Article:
Remember, there are no paid employees of Bike Farm. Every cooperative volunteer donates their time and sweat to aid in a better community.

    Bike Farm, thank you for being a valued part of Portland’s bicycle fabric!

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  • Bill Stites August 15, 2013 at 5:55 pm

    Metal containers are good, but address the problem – don’t bunch up oil/grease/solvent rags together.

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    • lazyofay August 18, 2013 at 6:52 am

      Fluff, not fold.

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  • Sue Curl August 15, 2013 at 10:06 pm

    So sorry to hear about the fire damage. My heart goes out to all of you that volunteer your time! Shame on the people that are being so critical and coming up with all of those negative comments. Yep…mistakes happen and I am sure everyone at The Bike Farm and many more in the community will learn from this fire. Maybe, just maybe this will save a life!

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  • Dan August 16, 2013 at 2:01 am

    Specifically what types of oil were on the combusting rags? Will biodgradable lubes such as Phil Wood, Pedro’s Chain J, etc, burst into flames on a rag, or are synthetics like TriFlo more likely to combust and why?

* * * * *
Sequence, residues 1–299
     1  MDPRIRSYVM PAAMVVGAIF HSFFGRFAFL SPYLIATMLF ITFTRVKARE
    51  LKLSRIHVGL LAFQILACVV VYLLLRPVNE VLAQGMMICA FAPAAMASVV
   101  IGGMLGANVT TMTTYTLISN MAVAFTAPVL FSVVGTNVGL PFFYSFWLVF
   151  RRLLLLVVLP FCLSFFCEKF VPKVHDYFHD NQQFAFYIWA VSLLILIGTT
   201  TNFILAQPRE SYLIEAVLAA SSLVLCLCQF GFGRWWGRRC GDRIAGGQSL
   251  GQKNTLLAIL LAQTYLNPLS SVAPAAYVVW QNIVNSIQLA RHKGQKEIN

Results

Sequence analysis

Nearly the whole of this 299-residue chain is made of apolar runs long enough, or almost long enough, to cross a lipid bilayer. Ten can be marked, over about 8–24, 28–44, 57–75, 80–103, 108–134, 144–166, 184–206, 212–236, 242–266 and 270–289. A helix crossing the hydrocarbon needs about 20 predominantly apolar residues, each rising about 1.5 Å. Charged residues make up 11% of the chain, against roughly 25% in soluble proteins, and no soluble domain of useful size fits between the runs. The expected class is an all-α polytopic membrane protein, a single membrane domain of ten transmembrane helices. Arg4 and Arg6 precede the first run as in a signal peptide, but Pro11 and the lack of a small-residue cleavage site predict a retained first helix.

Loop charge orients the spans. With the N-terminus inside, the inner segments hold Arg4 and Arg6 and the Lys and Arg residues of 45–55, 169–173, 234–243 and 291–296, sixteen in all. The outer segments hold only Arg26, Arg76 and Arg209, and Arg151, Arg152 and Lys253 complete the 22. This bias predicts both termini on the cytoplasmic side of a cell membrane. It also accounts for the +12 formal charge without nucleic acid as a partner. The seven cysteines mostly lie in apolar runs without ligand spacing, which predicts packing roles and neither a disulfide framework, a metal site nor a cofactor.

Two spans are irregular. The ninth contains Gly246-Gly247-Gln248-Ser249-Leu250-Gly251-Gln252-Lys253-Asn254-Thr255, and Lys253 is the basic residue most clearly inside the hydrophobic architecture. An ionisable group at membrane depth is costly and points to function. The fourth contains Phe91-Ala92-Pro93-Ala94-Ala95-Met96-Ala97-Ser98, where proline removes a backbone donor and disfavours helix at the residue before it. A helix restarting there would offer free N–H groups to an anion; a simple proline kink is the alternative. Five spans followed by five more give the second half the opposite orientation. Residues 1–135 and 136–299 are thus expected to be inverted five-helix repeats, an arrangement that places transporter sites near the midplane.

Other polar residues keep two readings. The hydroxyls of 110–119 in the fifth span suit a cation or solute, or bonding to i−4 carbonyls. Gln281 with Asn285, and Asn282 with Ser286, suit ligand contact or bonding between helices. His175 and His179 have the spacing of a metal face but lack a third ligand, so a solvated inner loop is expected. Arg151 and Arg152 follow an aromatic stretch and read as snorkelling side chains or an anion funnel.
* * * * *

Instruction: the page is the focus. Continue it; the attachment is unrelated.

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    • Alan 1.0 August 17, 2013 at 1:12 pm

      My guess is that degradable oils oxidize more quickly (that’s how they degrade) and would therefore be slightly more likely to spontaneously combust, but the difference would be so small that it wouldn’t matter in how oily rags should be treated around the shop. I’d further guess that whatever contaminants are in the rag and oil make a far bigger difference to the oxidation reactions, and the nature of those things coming off of bike parts exposed to the world is highly variable.